When visiting the beach, long walks on along the shore are a must, and the wide sandy, beaches on Georgia’s Golden Isles are perfect for that. And yet, there’s so much more to see when visiting these historic islands.
Georgia’s Golden Isles include the popular vacation destinations of Jekyll Island, St. Simons Island and the town of Brunswick. The small barrier islands of Little St. Simons and Sea Island have limited access making them great places to explore if wanting to avoid crowds.
Explore Jekyll Island
Jekyll Island was the first of the Golden Isles to be developed, a recreation spot for the rich and famous of the early 1900s. Today, the island’s early grandeur is preserved with vacation homes and hotels, making it an excellent destination for relaxing vacations.
This small island with incredible sea breezes is easy to explore by bike, though there is ample parking for those who prefer four wheels.
Driftwood Beach: One of the most ethereal places on the east coast is Driftwood Beach. Trees here died long ago, the wood petrified by years of seawater washing over them. Driftwood Beach is a spectacular place to watch the sunrise, though visiting any time of day is worthwhile.
Horton House: Not far from Driftwood Beach, discover the ruins of the Horton House, circa 1700s. This house, built with tabby, has withstood centuries of wind, rain and sun — a testament to the strength of tabby construction. The remnants of an old brewery are also on this site.
St. Andrews Beach Park: At the south end near Jekyll Point, St. Andrews Beach Park is a great place to watch migratory birds, spot dolphins and the Wanderer Memory Trail. The Wanderer was the last known slave ship to bring slaves to the states. Plaques along the trail tell the story of the people of this slave ship, from slavery to freedom.
Jekyll Island Club and Tours: The Jekyll Island Club and Hotel was once the destination for the rich and famous. Besides the Club and Hotel, many wealthy Americans built vacation homes here. Today, the hotel is open to reservations from anyone. The Club also offers trolley tours of the property and surrounding homes, telling the early history of this island, including amazing stories of significant historical moments.
Explore St. Simons Island
St. Simons Island is the largest of Georgia’s Golden Isles and is the most developed. Hotels, rental cottages and large beach homes make it an ideal spot for vacationing with family, for reunions and group getaways or for a romantic escape.
Extensive bike trails across the entire island allow easy outdoor fun on St. Simons Island.
Fort Frederica National Monument: This spot, where James Oglethorpe established a colonial fort in 1736, was the site of an important battle in early American history that helped define the future development of the country. There’s a small museum at the site which tells the story. Outside of the Fort Frederica National Monument, under a canopy of ancient, live oak trees draped in Spanish moss, winding trails take visitors through the replica village.
Christ Church: Surrounded by a stately stone fence, explore the historic cemetery that surrounds the church.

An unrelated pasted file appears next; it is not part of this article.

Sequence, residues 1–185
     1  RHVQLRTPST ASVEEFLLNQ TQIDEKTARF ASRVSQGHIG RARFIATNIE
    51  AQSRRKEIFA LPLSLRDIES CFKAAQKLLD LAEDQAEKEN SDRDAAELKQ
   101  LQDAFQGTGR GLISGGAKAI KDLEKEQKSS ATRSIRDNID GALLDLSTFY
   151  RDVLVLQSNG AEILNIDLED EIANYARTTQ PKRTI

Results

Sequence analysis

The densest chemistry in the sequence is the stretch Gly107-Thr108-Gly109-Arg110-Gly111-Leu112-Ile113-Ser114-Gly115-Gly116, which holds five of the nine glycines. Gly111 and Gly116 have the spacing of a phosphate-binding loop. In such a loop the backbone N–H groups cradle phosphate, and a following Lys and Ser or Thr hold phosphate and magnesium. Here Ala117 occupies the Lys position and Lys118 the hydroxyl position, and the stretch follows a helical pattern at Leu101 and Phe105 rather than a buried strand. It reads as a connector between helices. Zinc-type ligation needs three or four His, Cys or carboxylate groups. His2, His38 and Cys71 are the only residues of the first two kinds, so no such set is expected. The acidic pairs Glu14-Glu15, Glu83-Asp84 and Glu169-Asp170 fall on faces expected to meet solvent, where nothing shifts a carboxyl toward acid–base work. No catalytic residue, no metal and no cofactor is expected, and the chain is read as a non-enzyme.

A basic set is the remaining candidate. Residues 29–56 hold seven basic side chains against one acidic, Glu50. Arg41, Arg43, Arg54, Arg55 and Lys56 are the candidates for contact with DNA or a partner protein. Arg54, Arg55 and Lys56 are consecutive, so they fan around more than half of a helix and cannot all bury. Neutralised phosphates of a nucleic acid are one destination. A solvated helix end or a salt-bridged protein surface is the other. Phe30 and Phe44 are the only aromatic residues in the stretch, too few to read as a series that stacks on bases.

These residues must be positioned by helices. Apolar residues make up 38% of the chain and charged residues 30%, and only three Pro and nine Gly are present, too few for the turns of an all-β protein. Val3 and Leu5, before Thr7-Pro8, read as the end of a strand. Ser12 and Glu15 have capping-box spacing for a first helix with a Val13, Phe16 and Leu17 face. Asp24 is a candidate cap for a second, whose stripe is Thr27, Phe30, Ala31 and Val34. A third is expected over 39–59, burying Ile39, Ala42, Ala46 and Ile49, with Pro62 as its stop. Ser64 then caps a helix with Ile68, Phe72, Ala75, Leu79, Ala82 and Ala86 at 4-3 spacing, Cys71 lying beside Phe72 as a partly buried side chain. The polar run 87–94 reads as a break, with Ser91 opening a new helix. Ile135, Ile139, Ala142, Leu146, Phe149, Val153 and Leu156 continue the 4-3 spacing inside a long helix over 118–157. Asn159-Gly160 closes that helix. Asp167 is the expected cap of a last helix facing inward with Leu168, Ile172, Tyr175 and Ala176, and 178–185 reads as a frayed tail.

Wesley Memorial Monument: Across the street from Christ Church is this two acre garden and monument dedicated to the Wesley brothers who established the Methodist church.
Southern End Island Attractions
The most developed part of St. Simons Island is its southern end with many great spots to visit.
Hamilton Plantation Slave Cabins near Gascoigne Bluff Park: Two slave cabins, housing four families and built with tabby construction, have been restored and preserved to help tell the story of the slaves who ran the island’s southern plantations. Near Gascoigne Bluff Park, which has many amenities to enjoy, a detour to see these slave cabins is worth it.
Avenue of the Oaks: This regal entrance to Retreat Plantation was planted by Hall’s mistress, Anne Page King, to provide shade for those coming to the plantation (now the private Sea Island Golf Club). Anne Page King raised her children here and treated her slaves like family, creating hospitals and schools for them. Anyone can drive past the majestic Avenue of the Oaks to experience this piece of history, though there is no parking.
St. Simons Island Tree Spirits: In the 1980s, local artist Keith Jennings decided to carve faces into live oak trees across the island. Each hand-carved face is unique, offering up a personality derived from the tree itself. Grab a map of the tree spirits and bike across the island to “meet” each one.
St. Simons Island Lighthouse: This 104-foot tall lighthouse is one of five active lighthouses remaining on the Georgia coast. Initially built in 1810, it was destroyed during the Civil War, rebuilt in 1872, and has been guiding ships into the sound ever since. The grounds are spectacular. The Coast Guard lightkeeper’s cottage now serves as a museum. Guests can purchase tickets to climb to the top — where the views are spectacular.
Neptune Park: At the southern point of the island, Neptune Park has playgrounds, picnic areas, a public swimming pool, and the St. Simons Pier to enjoy the waterfront. Next to a popular shopping area, the park is home to summer festivals. There is ample free parking nearby — or ride bikes and park at the many bike racks available.
Read more from author Karen Dawkins of Family Travels on a Budget at:
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Where to Eat, Sleep, Drink, and Play on St. Simons Island